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THE South African Commercial Catering and Allied Workers Union has hinted that there could be an end to the month-long strike at Dis-Chem Pharmacies.
The union's (Saccawu) acting regional secretary Stephen Majova said yesterday they were planning to meet Dis-Chem management, but warned that it would not be a sign of retreating.
Saccawu's change of mind follows an announcement by the employer on Tuesday that they would not talk to the union amid violence.
"The strike has dragged on for a long time and it is not good for both workers and company," Majova said.
"We are making arrangements to meet the employer soon. But if they are not prepared to talk to us we will intensify the strike by calling other affiliates (at Cosatu) and other sectors to show solidarity," he said.
Police and Prison Civil Rights Union (Popcru) issued a statement supporting them on the wage strike that started at the end on May.
"We have noted how workers continue to be brutalised and arrested on the basis of pure labour disputes yet the captains of capitalists are wining and dining in the glory of the World Cup."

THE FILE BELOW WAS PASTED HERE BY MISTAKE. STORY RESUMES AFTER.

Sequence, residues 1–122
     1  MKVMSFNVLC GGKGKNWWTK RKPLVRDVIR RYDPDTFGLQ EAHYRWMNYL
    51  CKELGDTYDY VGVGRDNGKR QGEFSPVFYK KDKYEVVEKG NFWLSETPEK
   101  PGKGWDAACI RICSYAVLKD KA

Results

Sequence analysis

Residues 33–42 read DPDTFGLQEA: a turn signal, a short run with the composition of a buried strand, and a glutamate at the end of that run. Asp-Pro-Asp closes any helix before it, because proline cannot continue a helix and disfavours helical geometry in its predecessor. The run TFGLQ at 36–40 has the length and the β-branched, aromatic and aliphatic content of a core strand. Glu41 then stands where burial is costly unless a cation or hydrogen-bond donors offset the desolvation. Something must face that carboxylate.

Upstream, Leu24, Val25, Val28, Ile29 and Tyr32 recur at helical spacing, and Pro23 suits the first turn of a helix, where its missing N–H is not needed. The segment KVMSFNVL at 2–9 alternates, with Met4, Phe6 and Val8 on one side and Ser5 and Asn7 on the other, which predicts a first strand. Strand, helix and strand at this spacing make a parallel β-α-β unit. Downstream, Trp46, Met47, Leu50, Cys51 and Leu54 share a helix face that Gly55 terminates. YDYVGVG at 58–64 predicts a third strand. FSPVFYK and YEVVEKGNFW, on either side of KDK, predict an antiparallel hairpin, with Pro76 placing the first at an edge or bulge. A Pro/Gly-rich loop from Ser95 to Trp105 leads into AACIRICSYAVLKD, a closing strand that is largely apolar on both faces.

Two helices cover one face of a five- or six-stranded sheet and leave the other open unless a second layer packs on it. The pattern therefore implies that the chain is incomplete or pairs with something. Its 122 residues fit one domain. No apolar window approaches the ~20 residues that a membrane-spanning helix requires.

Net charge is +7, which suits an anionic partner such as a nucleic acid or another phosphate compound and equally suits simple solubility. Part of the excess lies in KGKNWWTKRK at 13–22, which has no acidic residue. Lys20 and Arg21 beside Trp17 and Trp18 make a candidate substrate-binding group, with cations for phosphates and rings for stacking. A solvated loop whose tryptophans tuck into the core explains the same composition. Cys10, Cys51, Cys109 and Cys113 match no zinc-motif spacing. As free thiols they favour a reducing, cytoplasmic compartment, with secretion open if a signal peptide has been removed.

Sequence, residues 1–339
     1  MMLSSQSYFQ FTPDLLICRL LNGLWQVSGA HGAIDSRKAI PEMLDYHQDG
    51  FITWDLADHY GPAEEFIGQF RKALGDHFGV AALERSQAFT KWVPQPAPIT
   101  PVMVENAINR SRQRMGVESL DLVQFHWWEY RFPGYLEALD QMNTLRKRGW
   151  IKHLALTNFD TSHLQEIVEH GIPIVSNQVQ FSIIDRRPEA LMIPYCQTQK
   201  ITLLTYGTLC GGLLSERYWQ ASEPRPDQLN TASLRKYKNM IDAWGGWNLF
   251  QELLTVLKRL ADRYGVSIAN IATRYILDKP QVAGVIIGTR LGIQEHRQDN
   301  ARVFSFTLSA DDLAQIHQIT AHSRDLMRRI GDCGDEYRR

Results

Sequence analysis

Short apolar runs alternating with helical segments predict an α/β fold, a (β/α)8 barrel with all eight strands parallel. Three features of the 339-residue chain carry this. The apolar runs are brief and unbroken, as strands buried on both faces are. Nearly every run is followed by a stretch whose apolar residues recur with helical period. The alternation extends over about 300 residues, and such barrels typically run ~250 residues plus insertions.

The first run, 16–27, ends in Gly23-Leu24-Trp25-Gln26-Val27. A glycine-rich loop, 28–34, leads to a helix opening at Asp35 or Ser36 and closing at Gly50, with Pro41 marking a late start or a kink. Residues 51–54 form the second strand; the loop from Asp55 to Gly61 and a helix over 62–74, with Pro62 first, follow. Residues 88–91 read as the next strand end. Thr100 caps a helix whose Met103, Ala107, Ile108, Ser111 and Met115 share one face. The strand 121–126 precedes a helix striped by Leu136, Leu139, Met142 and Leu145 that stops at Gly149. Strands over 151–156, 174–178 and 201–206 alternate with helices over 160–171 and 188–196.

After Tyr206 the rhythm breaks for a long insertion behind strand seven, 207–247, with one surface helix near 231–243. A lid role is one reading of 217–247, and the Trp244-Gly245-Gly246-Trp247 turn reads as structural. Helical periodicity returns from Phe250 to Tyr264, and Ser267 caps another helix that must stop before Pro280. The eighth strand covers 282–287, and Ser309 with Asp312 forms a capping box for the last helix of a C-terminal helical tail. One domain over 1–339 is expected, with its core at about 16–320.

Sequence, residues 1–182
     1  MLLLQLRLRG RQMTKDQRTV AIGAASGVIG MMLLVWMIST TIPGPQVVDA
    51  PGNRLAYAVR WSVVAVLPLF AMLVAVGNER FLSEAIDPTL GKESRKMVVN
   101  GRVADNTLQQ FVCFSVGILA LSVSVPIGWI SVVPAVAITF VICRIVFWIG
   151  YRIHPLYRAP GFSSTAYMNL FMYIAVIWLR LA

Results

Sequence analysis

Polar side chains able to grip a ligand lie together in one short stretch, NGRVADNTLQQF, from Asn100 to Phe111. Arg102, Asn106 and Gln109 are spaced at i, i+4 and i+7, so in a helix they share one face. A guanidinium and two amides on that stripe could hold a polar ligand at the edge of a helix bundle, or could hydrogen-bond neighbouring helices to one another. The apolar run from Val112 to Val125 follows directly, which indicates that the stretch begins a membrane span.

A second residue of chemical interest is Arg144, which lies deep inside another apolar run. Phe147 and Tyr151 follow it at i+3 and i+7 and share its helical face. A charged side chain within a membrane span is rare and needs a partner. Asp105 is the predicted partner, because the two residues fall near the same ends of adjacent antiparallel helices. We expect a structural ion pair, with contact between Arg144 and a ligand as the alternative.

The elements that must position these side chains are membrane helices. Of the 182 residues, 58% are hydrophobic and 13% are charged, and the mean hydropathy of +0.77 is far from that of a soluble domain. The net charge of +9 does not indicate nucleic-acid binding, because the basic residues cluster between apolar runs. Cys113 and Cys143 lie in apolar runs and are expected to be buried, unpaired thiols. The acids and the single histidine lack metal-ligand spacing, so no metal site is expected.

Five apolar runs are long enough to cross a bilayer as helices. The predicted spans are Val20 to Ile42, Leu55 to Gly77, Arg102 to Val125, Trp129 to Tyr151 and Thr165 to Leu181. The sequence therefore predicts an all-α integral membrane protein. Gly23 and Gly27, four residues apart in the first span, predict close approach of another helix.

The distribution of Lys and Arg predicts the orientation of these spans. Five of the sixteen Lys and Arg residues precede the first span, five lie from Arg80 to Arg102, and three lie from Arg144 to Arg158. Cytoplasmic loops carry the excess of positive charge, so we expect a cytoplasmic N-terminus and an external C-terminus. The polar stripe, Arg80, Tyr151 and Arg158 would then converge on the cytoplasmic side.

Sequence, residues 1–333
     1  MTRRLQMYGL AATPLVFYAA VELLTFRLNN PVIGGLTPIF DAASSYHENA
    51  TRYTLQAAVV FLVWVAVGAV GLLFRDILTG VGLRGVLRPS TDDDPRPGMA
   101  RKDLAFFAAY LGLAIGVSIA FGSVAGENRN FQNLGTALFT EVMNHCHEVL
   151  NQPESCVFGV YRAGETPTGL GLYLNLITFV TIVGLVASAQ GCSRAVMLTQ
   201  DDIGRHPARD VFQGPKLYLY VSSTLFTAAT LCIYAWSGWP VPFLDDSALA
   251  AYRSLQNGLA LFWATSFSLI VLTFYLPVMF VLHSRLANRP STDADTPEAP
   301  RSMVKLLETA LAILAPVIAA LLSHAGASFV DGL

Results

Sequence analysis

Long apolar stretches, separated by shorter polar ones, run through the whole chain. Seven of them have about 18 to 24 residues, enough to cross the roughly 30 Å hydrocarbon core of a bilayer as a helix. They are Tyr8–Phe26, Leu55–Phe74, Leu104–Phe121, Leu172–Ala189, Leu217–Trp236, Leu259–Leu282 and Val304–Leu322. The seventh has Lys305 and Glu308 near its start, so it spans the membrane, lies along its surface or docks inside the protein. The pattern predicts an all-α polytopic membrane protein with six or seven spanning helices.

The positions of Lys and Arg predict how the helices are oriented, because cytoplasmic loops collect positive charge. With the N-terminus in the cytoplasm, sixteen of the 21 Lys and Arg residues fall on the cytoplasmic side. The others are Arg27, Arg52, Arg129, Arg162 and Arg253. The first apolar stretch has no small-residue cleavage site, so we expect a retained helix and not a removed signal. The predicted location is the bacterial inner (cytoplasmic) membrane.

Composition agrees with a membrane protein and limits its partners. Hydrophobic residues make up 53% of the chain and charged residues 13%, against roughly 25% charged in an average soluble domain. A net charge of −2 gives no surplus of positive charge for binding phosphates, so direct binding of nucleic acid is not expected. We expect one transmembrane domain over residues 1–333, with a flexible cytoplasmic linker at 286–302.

Five workers were reported to have been arrested since the beginning of the strike after Dis-Chem outlets around the country were attacked
Saccawu's demands include:
lR3500 minimum wage;
l15percent across-the-board increase;
lcasual workers to be employed permanently after three months service;
l a guaranteed 13th cheque; and
l parental rights, medical aid, housing subsidy, long-term and service awards.
Majova said some workers were paid as little as R1500 a month.
Dis-Chem human resources manager Johan Osche said Saccawu had not approached the company to open another round of talks.
"We have not spoken to them in more than a week," he said.